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Image of the Day: Cellular Pulse

The protein RhoA coordinates pulses of movement in Caenorhabditis elegans cells.

Shawna Williams
Shawna Williams

Shawna joined The Scientist in 2017 and is now a senior editor and news director. She holds a bachelor's degree in biochemistry from Colorado College and a graduate certificate and science communication from the University of California, Santa Cruz.

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A C. elegans cell during interphase as polarity is established (left). A two-cell embryo C. elegans shortly after cell division (right)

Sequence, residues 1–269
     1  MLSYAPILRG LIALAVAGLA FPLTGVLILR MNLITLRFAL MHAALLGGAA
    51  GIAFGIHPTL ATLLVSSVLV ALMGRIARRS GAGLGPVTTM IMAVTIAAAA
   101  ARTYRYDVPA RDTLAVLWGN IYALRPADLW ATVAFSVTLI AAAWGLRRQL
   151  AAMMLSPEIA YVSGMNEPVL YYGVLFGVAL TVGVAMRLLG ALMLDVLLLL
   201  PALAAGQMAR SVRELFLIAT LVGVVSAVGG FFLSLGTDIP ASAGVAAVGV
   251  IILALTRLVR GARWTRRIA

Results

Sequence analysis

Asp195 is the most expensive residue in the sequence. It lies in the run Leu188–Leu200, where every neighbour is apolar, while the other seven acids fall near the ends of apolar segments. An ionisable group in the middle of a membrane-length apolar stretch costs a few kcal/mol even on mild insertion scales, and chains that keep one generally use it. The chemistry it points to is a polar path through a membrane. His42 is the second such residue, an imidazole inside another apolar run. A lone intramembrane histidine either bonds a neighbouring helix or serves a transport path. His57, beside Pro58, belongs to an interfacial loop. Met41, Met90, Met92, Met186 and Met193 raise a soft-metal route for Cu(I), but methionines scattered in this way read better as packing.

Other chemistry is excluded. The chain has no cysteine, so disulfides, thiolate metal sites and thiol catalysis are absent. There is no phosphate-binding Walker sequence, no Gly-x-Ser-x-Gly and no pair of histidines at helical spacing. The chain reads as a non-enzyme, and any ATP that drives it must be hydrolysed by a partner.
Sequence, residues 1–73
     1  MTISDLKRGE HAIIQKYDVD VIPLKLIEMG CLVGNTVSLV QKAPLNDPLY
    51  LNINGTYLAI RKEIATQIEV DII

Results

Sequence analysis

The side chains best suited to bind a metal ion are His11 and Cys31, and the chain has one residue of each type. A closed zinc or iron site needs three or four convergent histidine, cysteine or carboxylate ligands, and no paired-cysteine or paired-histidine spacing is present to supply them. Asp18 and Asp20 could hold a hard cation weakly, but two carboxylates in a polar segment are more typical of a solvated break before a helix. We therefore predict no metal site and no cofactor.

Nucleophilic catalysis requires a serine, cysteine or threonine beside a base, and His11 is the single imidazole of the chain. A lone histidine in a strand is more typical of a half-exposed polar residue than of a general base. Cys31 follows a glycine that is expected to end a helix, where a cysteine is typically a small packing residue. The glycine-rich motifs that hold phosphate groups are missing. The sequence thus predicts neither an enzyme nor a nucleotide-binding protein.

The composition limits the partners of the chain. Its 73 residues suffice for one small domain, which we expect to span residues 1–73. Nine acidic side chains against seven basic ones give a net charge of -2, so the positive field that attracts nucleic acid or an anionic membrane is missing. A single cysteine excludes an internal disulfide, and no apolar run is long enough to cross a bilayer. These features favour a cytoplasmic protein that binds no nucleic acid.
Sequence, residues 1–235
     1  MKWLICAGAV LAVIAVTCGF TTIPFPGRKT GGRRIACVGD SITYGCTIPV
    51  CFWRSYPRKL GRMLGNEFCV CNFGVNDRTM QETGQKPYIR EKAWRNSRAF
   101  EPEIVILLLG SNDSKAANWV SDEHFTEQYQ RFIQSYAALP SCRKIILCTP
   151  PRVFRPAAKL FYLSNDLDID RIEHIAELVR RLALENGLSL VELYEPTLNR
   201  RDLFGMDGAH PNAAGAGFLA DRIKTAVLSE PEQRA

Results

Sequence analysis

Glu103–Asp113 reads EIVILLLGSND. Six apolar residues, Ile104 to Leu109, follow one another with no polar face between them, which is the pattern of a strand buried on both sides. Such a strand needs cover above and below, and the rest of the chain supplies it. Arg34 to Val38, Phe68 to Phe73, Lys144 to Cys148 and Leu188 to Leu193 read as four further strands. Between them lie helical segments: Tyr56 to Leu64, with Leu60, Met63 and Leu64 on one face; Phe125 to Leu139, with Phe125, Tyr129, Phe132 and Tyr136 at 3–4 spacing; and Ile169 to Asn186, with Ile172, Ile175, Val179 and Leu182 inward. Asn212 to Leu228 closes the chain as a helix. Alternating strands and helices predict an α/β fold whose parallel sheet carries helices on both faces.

JON MICHAUX

In a paper published October 1 in the Journal of Cell Biology, researchers led by Edwin Munro of the University of Chicago report that a protein known as RhoA is key to a process known as pulse contractility in C. elegans, which enables tissues to shape-shift during development.

J.B. Michaux et al., “Excitable RhoA dynamics drive pulsed contractions in the early C. elegans embryo,” J Cell Biol, doi:10.1083/jcb.201806161, 2018.

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